Making raids common was a good decision, but locking players out of a social aspect of the game by trying to monetize it is a bad decision even EA has learned from. If Niantic really needed to, the paywall should come in to increase the rewards, not to permit social activities. The first few days after the raids were released helped me meet more local trainers and gave us rural players a reason to organize, as gym and team stagnation made gyms a civil war. Raids were new, so even casuals put out some money to try them. Even now, one of our local players was able to get people playing in their cars to come out and work together on a raid in the downtown area.
However, this seems rare, and the only time I’ve heard it happening. I’ve found people don’t want to risk their one-free-raid a day, if they even want to bother with it. There was a Snorlax raid in the Los Angeles Convention Center during Anime Expo, which is known for its huge lines. The raid took place in the morning while many of us were waiting to get in, and (at least for me) game connectivity wasn’t that big of an issue. I’d mentioned that the raid was live to people around me who were just standing in line. However, even my friend who was cosplaying Sailor Saturn as a Pokemon Go trainer didn’t have the patience to deal with the game’s connectivity issues. On my own, I tried again, and though a few people mentioned having played the game, they weren’t interested in jumping in for a few minutes during the convention, opting instead to take pictures of people in Pokemon costumes. It’s entirely understandable given the situation but shows how weak of a grasp Niantic has on its former players.
We’re still missing trading and one-on-one PvP. The lack of breeding, while understandable, is also a bit of a disappointment when a game adds genders from a specific game entry that added baby-making. The game’s content feels more fulfilling and complete, but launching without the core features seen in its trailer and still lacking them a year later continues to be a problem.
Despite adding an above average amount of content to Pokemon GO since release, most of the content has already been done. Daily quests aren’t just an MMO standard but a mobile standard, and launching without these probably helped contribute to the game’s rapid loss in popularity. Events are fairly normal, as was adding Generation 2 ‘mon. Shinies are random skins (and that’s limited to a single Pokemon so far), and TMs aren’t nearly as fun as other, similar functioning mechanics in other mobile Nintendo titles. Most of the games’ changes seem to be Niantic borrowing from the MMO genre with mixed results.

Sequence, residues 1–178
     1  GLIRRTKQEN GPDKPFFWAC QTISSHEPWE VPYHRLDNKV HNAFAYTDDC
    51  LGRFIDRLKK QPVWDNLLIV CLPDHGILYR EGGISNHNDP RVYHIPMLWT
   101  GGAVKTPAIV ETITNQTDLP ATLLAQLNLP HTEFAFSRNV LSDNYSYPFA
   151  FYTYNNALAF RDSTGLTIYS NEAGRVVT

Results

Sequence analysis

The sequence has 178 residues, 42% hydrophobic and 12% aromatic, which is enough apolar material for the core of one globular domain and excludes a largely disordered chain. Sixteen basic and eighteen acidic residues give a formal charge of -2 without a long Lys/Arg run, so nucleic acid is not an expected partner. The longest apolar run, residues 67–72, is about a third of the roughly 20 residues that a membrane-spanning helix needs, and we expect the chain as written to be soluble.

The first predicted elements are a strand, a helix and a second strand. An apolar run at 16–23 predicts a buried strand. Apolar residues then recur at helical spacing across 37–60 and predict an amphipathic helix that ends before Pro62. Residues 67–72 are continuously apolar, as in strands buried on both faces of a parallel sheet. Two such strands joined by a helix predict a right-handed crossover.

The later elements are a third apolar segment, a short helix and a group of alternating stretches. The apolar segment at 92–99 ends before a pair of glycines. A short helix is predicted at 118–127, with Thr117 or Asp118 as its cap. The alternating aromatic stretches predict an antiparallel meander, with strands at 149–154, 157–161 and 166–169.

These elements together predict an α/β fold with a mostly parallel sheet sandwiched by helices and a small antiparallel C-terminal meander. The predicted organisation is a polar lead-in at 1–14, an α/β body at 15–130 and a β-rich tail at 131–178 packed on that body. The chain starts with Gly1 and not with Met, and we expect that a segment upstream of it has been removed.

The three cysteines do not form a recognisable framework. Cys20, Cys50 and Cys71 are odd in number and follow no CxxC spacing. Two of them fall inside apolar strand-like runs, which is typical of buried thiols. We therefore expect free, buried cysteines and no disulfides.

For example, one of the very first dailies the game should have had was one related to gyms, the only in-game multiplayer aspect of the game. Even with the new gym system that promotes gyms switching hands, this absence seems not only tone deaf to the genre but as if Niantic forgot its own mechanics.
Social media integration is also still sorely lacking. Nintendo and the Pokemon Company, largely known for being pretty bad at this, have gotten on board for their other mobile titles, even for Magikarp Jump. Pokemon Go, however, lacks not only a friends list but in-app sharing options for pictures taken with the game’s AR camera. It’s a glaring mistake, especially as Niantic employees told me during E3 that their playerbase is largely made up of millennials who are known for their social media obsession, not minors who need to be protected. Like Ultima Online players taking to ICQ when the game lacked guild chat, Pokemon Go players are forced to go outside the game to make up for the creators’ lack of features. And to add insult to injury, Niantic has repeatedly come down on third-party app developers.
Even worse is the fact that the game doesn’t connect to Nintendo’s overall social platform. People I battle and befriend through Fire Emblem Heroes can become my Nintendo Switch friends, but as Pokemon Go lacks any kind of friends list, it keeps PoGo firmly outside of the Pokemon and Nintendo platforms, even though the official Pokemon Trainer’s Club (that non-Google log-in option) has a friends list. For a company that grew out of Google, Niantic oddly doesn’t make use of tie-ins to Google Maps, Calendar, or YouTube, the latter of which would really help it attract and monetize streamers. All of these would be great for socialization, not to mention would increase player retention and possibly help with advertising.
That being said, Niantic has done well in some aspects. I’ve already mentioned how the badge/reputation system is an improvement on a trope done to death in MMOs, in addition to innovations in the Gym system. However, if you think about territory PvP in MMOs, Pokemon Go has innovated a bit on that as well. Since Pokemon have to be defeated for their owners to get coins, players actually want to lose gyms now (after a certain amount of time). While this isn’t entirely new, it does show that Niantic is capable of creating a kind of PvP system that gives other teams a reason to work across factions. This helps to prevent real-world tension among people of the opposite factions, though it also calls into question why this kind of PvP was put in the game at all.
Raids feel much more relevant and new to the series. Most main-series staples make Pokemon battles PvP-only, not PvE. It’s a surprisingly decent addition to the series but not exactly great in terms of immersion. Why are there boss Pokemon in gyms? Why no random battles out in the field, or maybe found through a puzzle? Why can’t bosses get stronger as they defeat players, creating a kind of bounty-system?
This might be why the people who seem to be enjoying the raids the most are people who were already enjoying gyms, as it largely builds on the old combat system. That isn’t to say that collectors don’t like them, but the ones I met before anecdotally did them a few times and have once again disappeared from our local scene. Big city players probably are affected differently, but those of us in small communities are basically on the MMO equivalent of dead servers with no chat system. Niantic’s been in the ARPG field already with Ingress, and so its inability to give at least some temporary way for (rural) players to get help from outsiders is disappointing. I’m slightly surprised at what Niantic’s come up with, but given its history with Ingress, I’m underwhelmed that a lot of this has come during launch, not beta.